Pop superstar Madonna is currently involved in a trademark infringement lawsuit over her line of “Hard Candy” gyms.
The woman who taught the world to “Vogue” is being accused of maliciously stealing the name Hard Candy from a beauty and fashion company of the same name, and using the phrase to promote her gyms and fitness gear. Hard Candy, LLC has filed a federal lawsuit against the singer, alleging trademark infringement and unfair competition.
According to the lawsuit, the singer sought to trademark the name in 2011 but was rejected by the U.S. Patent and Trademark Office. At that point, Madonna could have performed a trademark search to see if anyone had already trademarked the name, or she could have simply chosen a different name.
The “Material Girl” did neither. Instead of investigating further or changing the name, the singer proceeded to use the phrase to sell exercise DVDs and apparel for several years.
While the company has some harsh words for Madonna’s manager Guy Oseary, most of the claim’s vitriol is directed toward the legend herself. According to Hard Candy’s lawsuit, the “Open Your Heart” singer was “the driving force behind the infringing activity, taking credit herself for the initial selection and subsequent expansion.”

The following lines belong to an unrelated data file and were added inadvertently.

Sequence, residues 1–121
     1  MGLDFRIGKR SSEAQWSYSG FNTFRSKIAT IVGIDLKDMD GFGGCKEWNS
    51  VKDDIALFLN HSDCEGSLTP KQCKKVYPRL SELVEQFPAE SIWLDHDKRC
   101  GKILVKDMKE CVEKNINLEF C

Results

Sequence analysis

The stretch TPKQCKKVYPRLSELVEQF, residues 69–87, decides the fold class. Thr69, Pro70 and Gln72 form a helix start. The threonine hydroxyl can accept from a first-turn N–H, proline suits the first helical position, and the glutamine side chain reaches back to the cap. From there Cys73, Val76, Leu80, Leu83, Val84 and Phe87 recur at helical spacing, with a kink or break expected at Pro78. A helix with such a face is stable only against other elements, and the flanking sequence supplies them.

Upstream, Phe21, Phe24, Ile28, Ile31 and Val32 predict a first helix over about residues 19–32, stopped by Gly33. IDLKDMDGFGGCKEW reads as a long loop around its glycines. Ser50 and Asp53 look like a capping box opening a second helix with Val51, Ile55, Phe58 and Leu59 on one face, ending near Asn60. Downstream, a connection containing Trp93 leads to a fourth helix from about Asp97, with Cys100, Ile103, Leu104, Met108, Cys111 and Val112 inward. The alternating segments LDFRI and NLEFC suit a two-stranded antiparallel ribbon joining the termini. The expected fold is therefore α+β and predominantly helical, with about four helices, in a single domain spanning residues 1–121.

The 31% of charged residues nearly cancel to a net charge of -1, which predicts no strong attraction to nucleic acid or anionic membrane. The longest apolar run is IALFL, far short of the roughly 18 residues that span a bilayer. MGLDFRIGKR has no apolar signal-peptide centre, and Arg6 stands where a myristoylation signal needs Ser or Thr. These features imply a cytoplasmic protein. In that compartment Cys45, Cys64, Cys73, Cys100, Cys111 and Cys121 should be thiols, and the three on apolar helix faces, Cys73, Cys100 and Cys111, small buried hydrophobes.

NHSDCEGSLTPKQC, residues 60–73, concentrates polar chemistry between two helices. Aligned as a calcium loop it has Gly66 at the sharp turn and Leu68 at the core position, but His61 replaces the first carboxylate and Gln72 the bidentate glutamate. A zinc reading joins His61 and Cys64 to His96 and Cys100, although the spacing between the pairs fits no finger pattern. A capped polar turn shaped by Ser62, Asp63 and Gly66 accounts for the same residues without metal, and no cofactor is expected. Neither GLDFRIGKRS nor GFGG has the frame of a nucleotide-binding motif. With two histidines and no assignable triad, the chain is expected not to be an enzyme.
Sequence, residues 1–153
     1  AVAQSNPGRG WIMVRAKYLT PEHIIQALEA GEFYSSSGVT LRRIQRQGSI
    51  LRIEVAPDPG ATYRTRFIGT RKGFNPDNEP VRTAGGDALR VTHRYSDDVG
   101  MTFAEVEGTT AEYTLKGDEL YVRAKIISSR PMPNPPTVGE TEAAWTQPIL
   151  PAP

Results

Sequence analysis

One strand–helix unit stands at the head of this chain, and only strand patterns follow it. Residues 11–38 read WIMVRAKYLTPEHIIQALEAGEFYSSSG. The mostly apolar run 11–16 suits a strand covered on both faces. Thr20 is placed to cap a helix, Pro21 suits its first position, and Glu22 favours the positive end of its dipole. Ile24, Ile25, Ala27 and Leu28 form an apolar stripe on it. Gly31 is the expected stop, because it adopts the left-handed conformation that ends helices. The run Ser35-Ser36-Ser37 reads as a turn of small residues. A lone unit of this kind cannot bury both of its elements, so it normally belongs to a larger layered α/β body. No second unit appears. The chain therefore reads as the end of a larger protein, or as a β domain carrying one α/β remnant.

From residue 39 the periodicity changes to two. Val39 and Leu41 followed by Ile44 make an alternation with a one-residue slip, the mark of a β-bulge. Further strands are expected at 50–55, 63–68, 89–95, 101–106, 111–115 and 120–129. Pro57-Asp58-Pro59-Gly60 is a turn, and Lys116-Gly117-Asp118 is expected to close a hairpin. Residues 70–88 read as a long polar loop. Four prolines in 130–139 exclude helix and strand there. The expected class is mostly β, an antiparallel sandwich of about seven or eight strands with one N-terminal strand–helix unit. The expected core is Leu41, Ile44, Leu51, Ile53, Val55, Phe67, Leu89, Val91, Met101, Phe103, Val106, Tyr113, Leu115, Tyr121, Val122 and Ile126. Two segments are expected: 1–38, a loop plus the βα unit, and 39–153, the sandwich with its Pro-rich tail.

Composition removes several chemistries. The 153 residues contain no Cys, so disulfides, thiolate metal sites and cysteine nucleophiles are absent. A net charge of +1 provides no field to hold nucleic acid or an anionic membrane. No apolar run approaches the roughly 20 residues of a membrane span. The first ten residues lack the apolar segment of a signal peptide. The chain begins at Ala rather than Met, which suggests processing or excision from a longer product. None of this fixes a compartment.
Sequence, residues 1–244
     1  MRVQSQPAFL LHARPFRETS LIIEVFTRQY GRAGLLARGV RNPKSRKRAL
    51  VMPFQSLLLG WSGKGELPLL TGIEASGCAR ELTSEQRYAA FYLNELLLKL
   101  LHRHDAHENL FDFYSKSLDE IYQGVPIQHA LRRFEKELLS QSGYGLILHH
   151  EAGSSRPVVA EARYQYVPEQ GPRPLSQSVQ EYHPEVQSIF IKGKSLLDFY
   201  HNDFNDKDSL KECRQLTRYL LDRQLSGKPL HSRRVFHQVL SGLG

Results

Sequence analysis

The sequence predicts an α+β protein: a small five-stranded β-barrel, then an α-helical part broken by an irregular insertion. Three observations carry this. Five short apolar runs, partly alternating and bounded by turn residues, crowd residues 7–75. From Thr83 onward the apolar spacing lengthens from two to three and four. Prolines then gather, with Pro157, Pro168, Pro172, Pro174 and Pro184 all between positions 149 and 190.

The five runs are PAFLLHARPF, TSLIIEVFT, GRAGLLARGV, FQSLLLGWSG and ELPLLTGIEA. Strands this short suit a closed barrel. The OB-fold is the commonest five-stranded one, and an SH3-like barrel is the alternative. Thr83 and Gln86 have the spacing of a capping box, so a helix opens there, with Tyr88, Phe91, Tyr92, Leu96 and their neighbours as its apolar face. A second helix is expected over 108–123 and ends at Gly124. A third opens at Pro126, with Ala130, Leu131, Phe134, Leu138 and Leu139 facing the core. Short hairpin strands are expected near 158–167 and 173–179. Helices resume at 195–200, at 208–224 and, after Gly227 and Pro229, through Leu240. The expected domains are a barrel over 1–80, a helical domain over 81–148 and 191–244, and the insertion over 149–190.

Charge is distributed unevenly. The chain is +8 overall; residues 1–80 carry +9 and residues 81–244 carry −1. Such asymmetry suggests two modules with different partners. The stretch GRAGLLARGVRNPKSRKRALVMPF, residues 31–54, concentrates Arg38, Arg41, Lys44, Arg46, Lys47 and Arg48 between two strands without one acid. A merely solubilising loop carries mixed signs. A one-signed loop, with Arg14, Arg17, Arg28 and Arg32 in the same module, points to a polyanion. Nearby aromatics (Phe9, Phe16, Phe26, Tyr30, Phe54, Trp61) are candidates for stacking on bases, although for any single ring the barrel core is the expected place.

Hard Candy’s complaint says that Madonna’s use of the term has caused “irreparable harm for which money damages and other legal remedies are inadequate.” They are requesting financial damages and seeking the court’s help to bar the pop singer from using the name “Hard Candy” in the future.
The phrase “Hard Candy” may have significance to both Madonna and the rival fashion company because the term itself is not very distinct. In trademark law, the brand would be considered to be an “arbitrary mark,” which usually refers to a common word or phrase that does not describe your product, but is still used to reference it.
Arbitrary marks are still completely valid trademarks. A simple trademark search would have shown Madonna that the name was taken, and she could have chosen to either pay for the rights or change the name. Since she failed to do her research, her fate is now in the hands of the trademark courts. Depending on the strength of Hard Candy’s claim, she could end up paying big for her mistake.
A trademark search is always a good idea before you choose to market your brand. Not only could it save you a costly trademark infringement lawsuit, but it also will save you the pain and hassle of rebranding your product once the mistake is discovered.
Klein Trial Lawyers knows that your trademark is an important brand of trust between you and your consumers. Trademark infringers can cost you not only in lost profits, but also in lost consumer confidence. Let Klein Trial Lawyers help you keep your corner of the market safe. Call us today to discuss your trademark infringement lawsuit.
Did You Know: “Fanciful” trademarks – words or phrases created solely for your product – are the safest from trademark infringement.
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